The Denver Broncos offseason program hits a critical phase this week as the team returns for offseason team activities on Wednesday, the start of a four-week stretch of OTAs, minicamp and workouts.

Big-picture questions abound as the team makes what could be its final push for a Super Bowl title with Peyton Manning at the helm.

Can Rick Dennison finally convert his years of tutelage under Gary Kubiak into a championship-caliber offense?

Does Wade Phillips still have what it takes, even at age 67, to lead a menacing defense?

Can Manning stay healthy? And what will the game plan look like after last year’s “balanced” attack led to an unceremonious divisional round exit?

But before any of those questions can begin to play out, Denver needs answers on key matters on both sides of the ball.

Will Demaryius Thomas sign a long-term deal or play out this season on a franchise tag, and what should be done with Antonio Smith, who is under investigation for sexually-based child abuse in Texas? Both scenarios leave Thomas and Smith with nominal chances of participating in OTAs.

Because no charges have been filed as of yet, Smith has no “official” reason to miss OTAs – or for the team to hold him out, for that matter. However, given the nature of the accusations, the team may decide to provide him with an excused absence from this week’s activities.

The 33-year-old Pro Bowler was signed to a $2 million one-year contract in April to be part of an already formidable rotation with Von Miller and DeMarcus Ware, but might have been made more expendable when Denver drafted Shane Ray later in the month.

Denver stands to gain little – at least from a PR standpoint – in having Smith on the field during OTAs, unless they have reason to believe that Fort Bend County (Texas) District Attorney John Healey will not act on information from an investigation conducted by the sheriff’s department, which he’s had in his possession since February.

As a 12-year veteran, Smith should need little time to acclimate to the system if and when the team decides to move forward with him.

Thomas’ future with the team, on the other hand, is a far less one-sided affair. The wide receiver has been named to three consecutive Pro Bowls and was a second-team All-Pro in 2013 and ’14, but does not have a long-term contract.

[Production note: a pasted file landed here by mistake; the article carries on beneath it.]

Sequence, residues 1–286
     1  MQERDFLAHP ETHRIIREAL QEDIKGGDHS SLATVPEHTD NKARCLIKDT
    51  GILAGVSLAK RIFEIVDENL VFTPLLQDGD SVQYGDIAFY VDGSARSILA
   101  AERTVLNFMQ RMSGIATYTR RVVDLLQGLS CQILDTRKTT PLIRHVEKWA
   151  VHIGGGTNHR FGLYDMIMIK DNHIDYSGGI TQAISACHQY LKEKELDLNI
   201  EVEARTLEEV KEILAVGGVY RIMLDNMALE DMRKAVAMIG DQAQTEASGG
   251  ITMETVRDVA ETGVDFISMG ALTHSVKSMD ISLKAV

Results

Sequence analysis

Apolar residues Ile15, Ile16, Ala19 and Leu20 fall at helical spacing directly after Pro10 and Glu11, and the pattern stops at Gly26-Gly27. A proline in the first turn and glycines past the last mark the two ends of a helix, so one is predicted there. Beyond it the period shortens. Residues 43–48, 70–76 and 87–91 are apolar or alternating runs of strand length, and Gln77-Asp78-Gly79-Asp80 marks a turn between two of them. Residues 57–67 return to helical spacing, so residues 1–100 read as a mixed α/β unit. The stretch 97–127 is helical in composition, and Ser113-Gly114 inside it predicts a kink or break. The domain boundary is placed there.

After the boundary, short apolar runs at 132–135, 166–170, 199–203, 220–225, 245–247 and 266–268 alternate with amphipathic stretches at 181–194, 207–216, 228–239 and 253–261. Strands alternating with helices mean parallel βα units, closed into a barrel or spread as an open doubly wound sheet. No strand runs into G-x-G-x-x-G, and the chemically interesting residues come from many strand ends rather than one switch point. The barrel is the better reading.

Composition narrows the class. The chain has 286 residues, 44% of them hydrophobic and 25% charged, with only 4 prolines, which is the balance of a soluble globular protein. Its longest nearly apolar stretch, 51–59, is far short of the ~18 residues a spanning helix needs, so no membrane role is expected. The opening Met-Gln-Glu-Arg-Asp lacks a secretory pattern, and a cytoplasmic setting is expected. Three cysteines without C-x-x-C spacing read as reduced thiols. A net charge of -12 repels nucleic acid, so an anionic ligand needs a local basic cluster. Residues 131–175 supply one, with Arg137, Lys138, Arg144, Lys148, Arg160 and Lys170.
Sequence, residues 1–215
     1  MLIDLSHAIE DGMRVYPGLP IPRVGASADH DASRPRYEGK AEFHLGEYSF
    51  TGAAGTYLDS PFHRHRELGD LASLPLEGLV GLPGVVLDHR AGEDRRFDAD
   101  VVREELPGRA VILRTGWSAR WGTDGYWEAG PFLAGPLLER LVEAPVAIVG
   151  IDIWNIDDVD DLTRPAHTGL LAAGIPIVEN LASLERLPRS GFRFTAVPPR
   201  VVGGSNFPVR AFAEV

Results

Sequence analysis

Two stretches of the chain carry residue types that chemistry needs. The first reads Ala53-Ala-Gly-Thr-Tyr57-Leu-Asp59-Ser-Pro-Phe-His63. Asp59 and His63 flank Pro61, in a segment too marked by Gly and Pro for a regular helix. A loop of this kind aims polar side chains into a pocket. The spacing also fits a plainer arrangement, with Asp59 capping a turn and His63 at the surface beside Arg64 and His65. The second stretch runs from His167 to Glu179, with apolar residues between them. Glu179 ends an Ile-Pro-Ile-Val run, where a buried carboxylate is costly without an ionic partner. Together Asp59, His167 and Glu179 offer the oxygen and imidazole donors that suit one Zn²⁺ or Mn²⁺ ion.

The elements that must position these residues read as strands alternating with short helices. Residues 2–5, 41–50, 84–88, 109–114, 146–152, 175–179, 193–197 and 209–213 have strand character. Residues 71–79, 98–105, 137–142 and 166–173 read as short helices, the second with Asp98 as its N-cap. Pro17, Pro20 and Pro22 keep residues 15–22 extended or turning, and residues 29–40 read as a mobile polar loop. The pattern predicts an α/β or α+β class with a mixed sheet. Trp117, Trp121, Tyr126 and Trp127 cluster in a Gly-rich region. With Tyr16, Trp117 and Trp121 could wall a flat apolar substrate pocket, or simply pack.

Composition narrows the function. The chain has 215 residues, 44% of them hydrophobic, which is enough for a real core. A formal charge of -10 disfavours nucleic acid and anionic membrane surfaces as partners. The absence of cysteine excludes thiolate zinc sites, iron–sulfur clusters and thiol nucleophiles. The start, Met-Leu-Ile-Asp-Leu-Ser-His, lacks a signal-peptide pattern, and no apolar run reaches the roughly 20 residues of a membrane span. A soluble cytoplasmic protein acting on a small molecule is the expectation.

He currently carries a $12.823 million franchise tag heading into 2015 after reportedly rejecting a deal before the 2014 season that would have made him the third highest-paid receiver in the game. That price tag has only risen thanks to his franchise record-setting 1,619 receiving yards in 2014.

However, considering Manning’s limited remaining shelf life and the questionable prospects for replacing him, it’s understandable that Denver might not want to commit to Thomas in the eight-year, $130 million range that Calvin Johnson received in Detroit just a few years ago.

Both Thomas and the Broncos may want a long-term deal, but the two sides remain divided on total value, guaranteed dollars and length.

Denver faced similar franchise tag situations in the recent past with both Matt Prater and Ryan Clady. The right tackle missed the team’s offseason activities in 2013 before reaching a deal very near the deadline.

Thomas has until July 15 to sign a new deal, something Broncos executive vice president John Elway says is still the goal. But Elway has also been very outspoken about his feelings that missing offseason activities is a negative for both the player and the team.

Given Elway’s attitude and Manning’s reputation for meticulous preparation, Thomas might be best served to be at Dove Valley in these coming weeks, though history would suggest he’ll continue his preparation from afar until a deal is signed.

Mandatory veteran minicamp is June 9-11.

Organized team activities are scheduled May 27-29, June 1, 2, 4 and 15-18.